By Eddie Small
Back when the Pittsburgh Pirates were still in the midst of the longest streak of consecutive losing seasons in the history of North American professional sports, I would often play a game with my friends who rooted for other baseball teams, informally known as “Who Has It Worse?”
I typically played this game with fans of teams that had a history of being good but not quite good enough to actually win a World Series, and the basic argument boiled down to whether it was more painful to root for a team, year in and year out, that never had a chance of doing even remotely well (the Pirates), or to root for a team that was expected to do well but collapsed at the end of the regular season or in the playoffs (pretty much every team that wasn’t the Pirates at some point between 1993 and 2012).
I likened it to choosing between either being single and lonely for your whole life or getting left at the altar on your wedding day.
Obviously, neither of those options are very appealing (both in terms of sports and relationships), but I was always adamant that I would prefer to root for a good team that collapsed over a team that was just straight-up terrible.
Part of this was a genuine belief that it would be more fun to at least have a reason to feel hopeful after April than it would be to lose interest in baseball after the season’s first two weeks, but there was a more selfish aspect to me advocating that viewpoint as well: between 1993 and 2012, it was all I had. Sure, the Pirates were never going to be good, but I could at least take some perverse type of comfort in knowing that it was harder to be a Pirates fan than it was to be a fan of any other MLB team, and I was not going to let anyone take that away from me.
And I still believe this. Although rooting for a notoriously terrible sports team does have its own weird, ironic type of fun, the Pirates’ return to relevance during the past three seasons has made it absolutely clear to me that it is much more fun to root for a team that actually has a chance of winning it all, even if the season still comes to a heartbreaking end.
But after last year, I am much more willing to acknowledge that these types of heartbreaking ends are still pretty rough.
Here’s a quick recap of the scenario the Bucs found themselves in at the end of the 2015 season (If I dwell on it for too long, I’ll become too angry to type).
The Pirates finished the season with the best record in baseball, except for one team. That team just happened to be the St. Louis Cardinals, who play in their division, meaning the Pirates were relegated to the one-game wild card playoff. They had to face Jake Arrieta of the Cubs, who was coming off one of the greatest pitching seasons in recent baseball history. The Pirates lost. Badly. So a season where they won 98 games ended in a short nine innings, one mistreated watercooler and one of the longest streams of curse words I have ever uttered.
This was the third year in a row that the Pirates’ trip to the playoffs ended quickly and the second year in a row they lost the Wild Card game, but to me, the 2015 loss is still the only one that really stings.
The team’s defeat in the 2013 playoffs felt different for two massive reasons:
1. I was still far too awestruck by the Pirates finally ending their streak of losing seasons to care very much about how far they went in the postseason.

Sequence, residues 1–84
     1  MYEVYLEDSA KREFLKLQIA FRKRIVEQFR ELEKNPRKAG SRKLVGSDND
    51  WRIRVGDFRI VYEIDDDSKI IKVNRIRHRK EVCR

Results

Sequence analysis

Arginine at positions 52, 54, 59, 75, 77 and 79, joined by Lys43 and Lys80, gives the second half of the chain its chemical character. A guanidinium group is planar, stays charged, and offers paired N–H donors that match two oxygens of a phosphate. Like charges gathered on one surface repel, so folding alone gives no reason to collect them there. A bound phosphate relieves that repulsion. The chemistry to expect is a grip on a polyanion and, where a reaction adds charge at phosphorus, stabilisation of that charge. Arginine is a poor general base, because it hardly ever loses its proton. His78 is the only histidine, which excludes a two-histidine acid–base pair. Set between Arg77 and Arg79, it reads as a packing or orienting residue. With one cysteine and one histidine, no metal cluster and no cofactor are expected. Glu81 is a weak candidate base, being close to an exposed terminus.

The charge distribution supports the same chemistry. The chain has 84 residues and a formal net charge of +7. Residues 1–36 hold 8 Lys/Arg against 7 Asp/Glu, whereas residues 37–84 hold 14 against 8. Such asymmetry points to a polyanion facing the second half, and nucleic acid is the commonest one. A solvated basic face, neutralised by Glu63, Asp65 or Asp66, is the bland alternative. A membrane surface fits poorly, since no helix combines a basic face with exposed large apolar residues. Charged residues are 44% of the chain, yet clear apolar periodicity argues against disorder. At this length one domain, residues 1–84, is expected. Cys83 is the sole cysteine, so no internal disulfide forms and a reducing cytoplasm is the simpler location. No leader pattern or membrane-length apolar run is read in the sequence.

2. They won the Wild Card game that year — the only series that’s decided in one game instead of at least five — and it turns out to be incredibly easy not to care about having to play in the Wild Card game if you win.
Their loss to the Giants in the 2014 Wild Card game felt a little more disappointing, but not by much, as I was still getting used to the team being good.
It wasn’t until last year that the Pirates managed to do something I didn’t think was possible after two decades of ineptitude: convince me they could maybe reach—maybe even win—the World Series. The days of being satisfied with a quick in-and-out postseason appearance were over. I was ready for more.
The problem was, I didn’t get it.
This is hardly a new issue for sports fans. I’m sure devotees of the Mariners still wonder how a team that won 116 games during the regular season could fall so quickly to the Yankees in the playoffs. And the team that was supposed to run roughshod over everyone in the MLB last year—the Nationals—didn’t even make the postseason.
But it is a new issue for me. Unrelenting awfulness has defined sports fandom for most of my life. An unquestionably great season that comes to such a quick, deflating end is a completely different kind of sports anguish, and I’m still learning how to cope.
I can’t express how badly I’d like the Pirates to win the division outright this year after three straight Wild Card games, but given that the Cubs spent the offseason acquiring Jason Heyward, Ben Zobrist and John Lackey and that #CardinalsDevilMagic is still a thing, I’m skeptical.
And part of me almost hopes that if they don’t win the division, they just don’t make the playoffs, sparing me the stress of having to watch them in the Wild Card game for the fourth year in a row.
But who am I kidding, I don’t mean that. A short playoff appearance is still better than no appearance. And after 20 consecutive losing seasons, could 20 consecutive Wild Card losses really hurt that much more?
Hopefully I won’t have to find out.
Eddie Small predicts that this year the Pirates will be shut out in the Wild Card game by Clayton Kershaw. He really does not like the Wild Card game. Follow him on Twitter: @Eddie_Small